These mathematical proofs and supporting model results provide a fundamentally different mechanism for species co-existence than those previously advanced. There are several prior demonstrations that multiple species can coexist in the same niche or consuming the same resource, thus circumventing the competitive exclusion principle, such as two predators existing on different life stages of the same prey species, or asynchronous introduction of two competitors into a system; see [44, 49] and references therein. These previously advanced solutions are similar in that they introduce some asynchrony in the competing species, thus essentially separating competitors and eliminating direct competition. This is equivalent to invoking environmental patchiness in either space or time to increase the number of available niches. This type of asynchrony likely enhances species co-existence in numerous cases but is fundamentally an extension of the competitive exclusion principle; it expands the number of niches but still relies on an assumption of one species per niche. Our results agree with the two species model in [34] but contradict their suggestion that in multi-species competition, phenotypic heterogeneity depresses biodiversity. There is no mathematical contradiction because [34] considered a single trait with variations around a normal distribution whereas we mathematically analyze all traits and all distributions. The mechanism advanced here directly confronts competitors and is flexible in terms of the assumptions regarding population sizes and other specifics. We show that 100’s of species can coexist in the same niche despite direct cell-cell competitions simply by incorporating the high phenotypic heterogeneity that is one of the empirically observed, fundamental characteristics of microbial populations.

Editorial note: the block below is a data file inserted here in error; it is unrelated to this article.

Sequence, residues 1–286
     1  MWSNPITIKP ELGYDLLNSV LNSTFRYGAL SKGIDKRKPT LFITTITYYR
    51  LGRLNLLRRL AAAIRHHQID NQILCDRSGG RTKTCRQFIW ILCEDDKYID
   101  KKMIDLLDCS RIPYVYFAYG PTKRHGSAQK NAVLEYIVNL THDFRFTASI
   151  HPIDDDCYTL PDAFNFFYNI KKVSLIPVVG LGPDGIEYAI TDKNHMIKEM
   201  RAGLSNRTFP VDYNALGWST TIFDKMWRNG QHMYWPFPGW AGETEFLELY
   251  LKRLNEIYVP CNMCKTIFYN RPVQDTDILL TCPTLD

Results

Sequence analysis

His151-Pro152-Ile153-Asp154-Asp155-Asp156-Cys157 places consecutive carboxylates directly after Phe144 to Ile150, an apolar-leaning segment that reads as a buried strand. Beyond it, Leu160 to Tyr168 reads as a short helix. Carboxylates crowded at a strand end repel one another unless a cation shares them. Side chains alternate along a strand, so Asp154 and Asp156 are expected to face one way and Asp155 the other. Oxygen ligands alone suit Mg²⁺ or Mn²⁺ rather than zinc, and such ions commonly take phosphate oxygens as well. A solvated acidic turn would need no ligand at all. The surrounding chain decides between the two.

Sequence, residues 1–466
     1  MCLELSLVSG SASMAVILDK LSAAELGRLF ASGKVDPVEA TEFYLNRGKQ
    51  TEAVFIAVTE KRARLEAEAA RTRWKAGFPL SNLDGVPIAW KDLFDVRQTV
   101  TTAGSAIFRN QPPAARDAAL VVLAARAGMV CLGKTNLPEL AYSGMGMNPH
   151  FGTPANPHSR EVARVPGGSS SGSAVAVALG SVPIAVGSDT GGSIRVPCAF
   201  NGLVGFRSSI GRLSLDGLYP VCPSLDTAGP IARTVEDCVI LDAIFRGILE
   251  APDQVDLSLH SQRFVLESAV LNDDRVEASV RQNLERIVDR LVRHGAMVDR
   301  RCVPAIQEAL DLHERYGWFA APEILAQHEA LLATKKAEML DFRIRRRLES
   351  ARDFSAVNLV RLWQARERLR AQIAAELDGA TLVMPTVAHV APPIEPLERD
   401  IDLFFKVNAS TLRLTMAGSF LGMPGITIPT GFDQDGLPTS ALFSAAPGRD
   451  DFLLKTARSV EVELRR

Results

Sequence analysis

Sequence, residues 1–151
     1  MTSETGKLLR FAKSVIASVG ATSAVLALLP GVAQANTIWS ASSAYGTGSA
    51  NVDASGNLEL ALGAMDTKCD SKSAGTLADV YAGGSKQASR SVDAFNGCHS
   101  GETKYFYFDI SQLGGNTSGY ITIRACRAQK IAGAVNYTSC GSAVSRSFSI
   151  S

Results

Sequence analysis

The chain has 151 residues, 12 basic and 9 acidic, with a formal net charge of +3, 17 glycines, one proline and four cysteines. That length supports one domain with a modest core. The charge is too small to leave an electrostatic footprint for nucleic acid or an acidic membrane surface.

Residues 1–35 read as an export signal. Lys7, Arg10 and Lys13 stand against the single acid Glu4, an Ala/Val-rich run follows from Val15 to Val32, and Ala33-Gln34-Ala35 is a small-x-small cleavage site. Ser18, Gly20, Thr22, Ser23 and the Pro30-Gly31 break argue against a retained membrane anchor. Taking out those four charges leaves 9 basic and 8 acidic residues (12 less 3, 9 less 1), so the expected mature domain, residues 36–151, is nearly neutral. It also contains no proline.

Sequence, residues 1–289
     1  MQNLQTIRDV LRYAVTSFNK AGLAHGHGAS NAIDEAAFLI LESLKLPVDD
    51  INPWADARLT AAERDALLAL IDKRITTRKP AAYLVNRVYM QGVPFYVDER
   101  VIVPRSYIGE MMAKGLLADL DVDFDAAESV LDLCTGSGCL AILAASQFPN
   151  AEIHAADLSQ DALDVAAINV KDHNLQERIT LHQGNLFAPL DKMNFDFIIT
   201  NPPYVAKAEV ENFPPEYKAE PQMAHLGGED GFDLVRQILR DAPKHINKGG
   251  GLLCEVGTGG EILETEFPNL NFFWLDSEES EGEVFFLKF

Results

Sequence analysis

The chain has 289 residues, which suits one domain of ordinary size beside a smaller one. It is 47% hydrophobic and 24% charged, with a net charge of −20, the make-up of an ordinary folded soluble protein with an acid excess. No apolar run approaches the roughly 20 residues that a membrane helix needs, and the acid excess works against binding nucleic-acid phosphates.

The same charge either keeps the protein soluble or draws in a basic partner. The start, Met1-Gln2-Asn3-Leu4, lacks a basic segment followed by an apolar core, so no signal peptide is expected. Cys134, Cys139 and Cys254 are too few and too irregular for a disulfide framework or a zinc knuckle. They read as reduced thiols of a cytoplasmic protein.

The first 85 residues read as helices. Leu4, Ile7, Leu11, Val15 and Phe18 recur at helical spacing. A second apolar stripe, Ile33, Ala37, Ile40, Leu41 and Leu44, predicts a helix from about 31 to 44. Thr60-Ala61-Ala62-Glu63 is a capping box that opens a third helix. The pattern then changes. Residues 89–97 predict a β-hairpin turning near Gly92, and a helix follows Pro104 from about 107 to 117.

This study also identifies a novel adaptive advantage (persistence in the face of competitors) and consequence (maintenance of diversity) of phenotypic heterogeneity. Phenotypic heterogeneity has previously been suggested to be adaptive because it can increase survival in heterogenous or fluctuating environments by allowing genotypes to bet-hedge [24], but there are no studies addressing how phenotypic heterogeneity may be advantageous in a homogeneous environment, and why natural selection might favor a particular shape of phenotypic heterogeneity. We demonstrate that because competitive interactions occur between individuals, the heterogenous condition can just as easily stem from the phenotypic heterogeneity in capabilities of competitors rather than features of the abiotic environment. Our findings explain how very high levels of genotype diversity [11, 50] can be maintained without invoking niche partitioning within species.

Conclusion: A paradigm shift is needed to adequately conceptualize microbial populations

Our theory implies that a shift in perspective is needed when conceptualizing microbial populations. A microbe-centric perspective is necessitated by the fact that microbial ecology and evolution are subject to very different principles than the multi-cellular organisms upon which much biological theory was developed. The fundamental importance of microbes requires that the shape of the distribution of competitive strategies be investigated as a possible unifying and structuring principle governing the biodiversity of asexually reproducing microbes. We predict that maximally variable trait distributions will be typical, because of their adaptive features. Our results also suggest that high phenotypic heterogeneity is expected in populations that persist through multiple rounds of competition even in the absence of environmental patchiness and that such heterogeneity may largely reflect inherent characteristics of species [51] rather than methodological limitations or differences [8]. Interestingly, the discovered equilibrium strategies display the very same features observed in microbes: (1) these strategies have maximal phenotypic heterogeneity and (2) there are an unlimited number of these strategies which are neutral towards each other, implying they cannot universally competitively exclude each other. The mathematics reflects the biological qualities of microbes. This fundamental model for microbes can accommodate more complicated variations, which we have not explored here in order to convey the fundaments of the theory.